Jacques Audiard’s A Prophet, a prison drama about a 19-year-old French-Arab delinquent thrown into the forge of prison, won the Grand Jury Prize at Cannes. Audiard (whose The Beat That My Heart Skipped” played SIFF 2005) makes crime movies about people, not plots, and he has a fascinating character in Tahar Rahim’s Malik, an outsider and a loner who enters prison as a vulnerable, scared kid shunned by the Muslims and the Corsicans and, through modesty, patience and quiet observation, learns and masters the workings of power while using his outsider status to move between the groups in the prison population to serve his own purposes.
I Killed My Mother is Canada’s official entry for the 2010 Foreign Language Film Oscar, which is all the more remarkable considering that it’s directed, written and produced by 19-year-old Xavier Dolan, who also plays the teenage protagonist of the semi-autobiographical story. It’s an accomplished debut for anyone, a familiar but well-observed dramatization of teen alienation and rebellion and parental exasperation. Dolan isn’t shy about painting the mother (an excellent Anne Dorval) as a caricature of middle class garishness, but neither does he spare his sneering, self-absorbed Hubert, a gay teen who looks like a refugee from an eighties synth-pop band and treats every minor irritation as high drama. While he offers no fresh insights or enlightening nuances to the material, he makes this impossible relationship between a mother and son who love but don’t really like one another authentic, funny and infuriating. And the title, while accurate, is not literal.
I Killed My Mother won this year’s Canwest Award for Best Canadian Feature Film, one of the festival’s juried awards. But like Seattle, the top award is voted upon by the audience and the Roger’s People’s Choice Award went to the documentary Soundtrack for a Revolution.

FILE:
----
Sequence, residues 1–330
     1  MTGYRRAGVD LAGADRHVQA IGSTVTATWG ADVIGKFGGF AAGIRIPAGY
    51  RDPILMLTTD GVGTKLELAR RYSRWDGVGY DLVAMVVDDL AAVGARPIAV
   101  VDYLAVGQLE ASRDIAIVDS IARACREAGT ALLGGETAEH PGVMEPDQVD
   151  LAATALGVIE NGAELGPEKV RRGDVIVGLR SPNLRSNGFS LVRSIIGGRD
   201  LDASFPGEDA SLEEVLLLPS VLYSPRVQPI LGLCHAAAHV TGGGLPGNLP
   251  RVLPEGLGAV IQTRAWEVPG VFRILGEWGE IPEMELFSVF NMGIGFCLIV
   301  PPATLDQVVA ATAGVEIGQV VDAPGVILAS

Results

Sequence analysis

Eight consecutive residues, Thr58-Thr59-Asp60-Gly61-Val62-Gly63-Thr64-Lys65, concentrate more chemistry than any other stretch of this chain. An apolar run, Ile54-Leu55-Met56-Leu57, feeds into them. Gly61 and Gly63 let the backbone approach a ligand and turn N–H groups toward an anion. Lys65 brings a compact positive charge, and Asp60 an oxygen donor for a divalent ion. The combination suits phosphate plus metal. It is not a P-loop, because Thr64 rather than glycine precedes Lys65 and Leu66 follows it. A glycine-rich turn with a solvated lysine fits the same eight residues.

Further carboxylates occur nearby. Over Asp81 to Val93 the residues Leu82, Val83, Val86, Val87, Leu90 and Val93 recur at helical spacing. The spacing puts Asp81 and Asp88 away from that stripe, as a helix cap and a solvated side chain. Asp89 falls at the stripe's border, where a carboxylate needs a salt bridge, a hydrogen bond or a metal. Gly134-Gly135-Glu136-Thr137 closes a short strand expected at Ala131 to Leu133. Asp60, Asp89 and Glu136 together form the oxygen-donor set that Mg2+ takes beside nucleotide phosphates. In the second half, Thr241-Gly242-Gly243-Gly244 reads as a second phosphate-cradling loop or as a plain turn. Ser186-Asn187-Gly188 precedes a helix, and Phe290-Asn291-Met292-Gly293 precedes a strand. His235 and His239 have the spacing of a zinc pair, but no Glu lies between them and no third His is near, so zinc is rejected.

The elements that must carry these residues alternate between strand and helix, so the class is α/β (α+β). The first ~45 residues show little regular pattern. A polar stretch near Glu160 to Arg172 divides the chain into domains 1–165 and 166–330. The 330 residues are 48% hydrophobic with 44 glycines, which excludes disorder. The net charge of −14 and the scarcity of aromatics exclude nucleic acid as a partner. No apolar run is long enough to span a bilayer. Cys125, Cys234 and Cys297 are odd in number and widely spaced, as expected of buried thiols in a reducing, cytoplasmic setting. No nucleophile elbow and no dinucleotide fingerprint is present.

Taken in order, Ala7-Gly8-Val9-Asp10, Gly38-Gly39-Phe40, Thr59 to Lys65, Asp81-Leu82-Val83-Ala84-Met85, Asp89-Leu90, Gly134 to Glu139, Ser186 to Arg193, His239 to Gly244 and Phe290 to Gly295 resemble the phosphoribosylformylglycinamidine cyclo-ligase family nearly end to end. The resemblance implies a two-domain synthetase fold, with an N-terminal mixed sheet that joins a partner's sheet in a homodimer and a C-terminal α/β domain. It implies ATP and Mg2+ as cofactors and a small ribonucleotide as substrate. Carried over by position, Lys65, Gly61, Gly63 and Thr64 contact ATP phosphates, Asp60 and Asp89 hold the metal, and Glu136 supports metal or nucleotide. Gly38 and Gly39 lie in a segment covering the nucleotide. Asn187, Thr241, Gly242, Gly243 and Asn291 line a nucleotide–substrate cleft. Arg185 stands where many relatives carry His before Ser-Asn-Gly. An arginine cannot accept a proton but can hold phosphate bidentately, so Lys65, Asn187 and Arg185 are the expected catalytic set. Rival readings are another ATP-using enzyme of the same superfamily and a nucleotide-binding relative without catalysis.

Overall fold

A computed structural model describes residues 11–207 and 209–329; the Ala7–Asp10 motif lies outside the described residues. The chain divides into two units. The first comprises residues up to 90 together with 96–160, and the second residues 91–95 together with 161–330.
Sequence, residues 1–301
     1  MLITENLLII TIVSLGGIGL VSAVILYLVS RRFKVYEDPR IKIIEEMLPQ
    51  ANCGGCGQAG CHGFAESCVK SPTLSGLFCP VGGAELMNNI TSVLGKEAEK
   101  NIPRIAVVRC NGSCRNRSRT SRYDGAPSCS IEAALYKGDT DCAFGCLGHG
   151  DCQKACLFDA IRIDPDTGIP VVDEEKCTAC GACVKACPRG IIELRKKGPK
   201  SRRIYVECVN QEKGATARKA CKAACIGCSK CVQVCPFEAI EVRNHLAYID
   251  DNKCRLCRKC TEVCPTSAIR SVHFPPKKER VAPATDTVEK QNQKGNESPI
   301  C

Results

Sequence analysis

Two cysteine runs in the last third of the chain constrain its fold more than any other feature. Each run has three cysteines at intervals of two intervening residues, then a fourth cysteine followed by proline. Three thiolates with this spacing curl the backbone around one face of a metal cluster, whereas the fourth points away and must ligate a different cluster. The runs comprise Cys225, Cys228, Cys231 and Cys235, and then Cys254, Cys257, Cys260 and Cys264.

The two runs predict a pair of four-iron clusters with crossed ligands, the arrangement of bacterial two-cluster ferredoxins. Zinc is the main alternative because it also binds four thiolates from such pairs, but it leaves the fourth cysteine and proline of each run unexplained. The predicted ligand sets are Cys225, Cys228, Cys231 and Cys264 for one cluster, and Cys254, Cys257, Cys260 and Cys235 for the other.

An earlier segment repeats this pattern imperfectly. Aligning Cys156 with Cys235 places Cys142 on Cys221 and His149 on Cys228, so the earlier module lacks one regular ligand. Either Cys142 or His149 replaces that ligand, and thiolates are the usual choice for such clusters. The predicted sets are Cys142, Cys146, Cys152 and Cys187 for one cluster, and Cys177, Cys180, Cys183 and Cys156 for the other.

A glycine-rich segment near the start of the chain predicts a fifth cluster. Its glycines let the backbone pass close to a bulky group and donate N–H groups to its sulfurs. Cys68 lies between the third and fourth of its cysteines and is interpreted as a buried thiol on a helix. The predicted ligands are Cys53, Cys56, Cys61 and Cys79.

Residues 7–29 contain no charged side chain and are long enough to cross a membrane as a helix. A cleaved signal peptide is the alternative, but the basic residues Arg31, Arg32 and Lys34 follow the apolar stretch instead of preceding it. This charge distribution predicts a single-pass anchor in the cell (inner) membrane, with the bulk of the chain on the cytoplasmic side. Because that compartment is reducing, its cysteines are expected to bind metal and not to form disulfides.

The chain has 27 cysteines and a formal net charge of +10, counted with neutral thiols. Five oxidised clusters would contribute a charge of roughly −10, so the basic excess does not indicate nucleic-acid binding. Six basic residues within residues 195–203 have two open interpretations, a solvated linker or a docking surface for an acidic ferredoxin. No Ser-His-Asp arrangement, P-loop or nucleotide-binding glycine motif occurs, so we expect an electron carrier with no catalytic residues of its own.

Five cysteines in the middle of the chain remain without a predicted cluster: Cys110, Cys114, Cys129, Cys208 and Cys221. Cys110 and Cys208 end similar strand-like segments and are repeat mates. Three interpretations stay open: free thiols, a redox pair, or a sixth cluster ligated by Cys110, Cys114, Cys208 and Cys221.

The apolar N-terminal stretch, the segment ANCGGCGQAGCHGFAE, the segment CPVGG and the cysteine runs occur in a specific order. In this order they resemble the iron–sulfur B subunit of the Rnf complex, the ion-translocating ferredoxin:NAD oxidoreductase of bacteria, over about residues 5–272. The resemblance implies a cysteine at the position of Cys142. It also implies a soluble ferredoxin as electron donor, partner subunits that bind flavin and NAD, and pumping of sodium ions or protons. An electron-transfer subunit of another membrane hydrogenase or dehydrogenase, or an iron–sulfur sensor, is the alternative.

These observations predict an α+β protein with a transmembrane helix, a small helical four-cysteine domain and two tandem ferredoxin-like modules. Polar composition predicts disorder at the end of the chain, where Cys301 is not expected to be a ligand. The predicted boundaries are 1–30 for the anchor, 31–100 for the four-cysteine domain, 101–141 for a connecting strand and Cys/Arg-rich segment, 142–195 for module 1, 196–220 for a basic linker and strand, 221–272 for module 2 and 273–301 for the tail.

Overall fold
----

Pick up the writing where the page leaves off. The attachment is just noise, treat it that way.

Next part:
Thirty features and documentaries were screened in the “Dragons and Tigers” sidebar, with eight of those films in competition for the “Award for Young Cinema.” The competition can be a mixed bag, but it almost always offers promising talent and fresh filmmaking ideas that otherwise would be unseen on North American screens and it’s my priority every fest. Most of the films are scheduled for the first week, which due to unusual conflicts (yes, there are some things more important than movies) I missed this year. But I did catch up on a few re-screenings including the winner of the Dragons and Tigers competition.
Eighteen, a quasi-autobiographical drama from first time South Korean filmmaker Jang Kun-aje, a largely low-key study in the impulsive, illogical self-absorbed nature of being age eighteen that is not as funny but much more wry than I Killed My Mother. My Daughter, another first feature (this one from Malaysia), is a near-minimalist portrait in emotional distance and disconnection between a single mother and her daughter, exasperated and appalled at the abuse her mother takes in her affair with a married. Charlotte Lim Kay Kuen has stripped the film down to its essence and, even more than in Eighteen, she reveals a powerful talent trying out expressive ideas. While neither film seems quite fully realized, these two World Premieres of debut features offer exactly what the Dragons and Tigers competition strives for: the discovery and presentation of young filmmakers and formative talent. I look forward to seeing more from each of these filmmakers.
For more on the “Dragons and Tigers” series, see my coverage on Parallax View here.
For more on the films and the awards, visit the VIFF website here.
Also published (with minor differences) at the Seattle PostGlobe.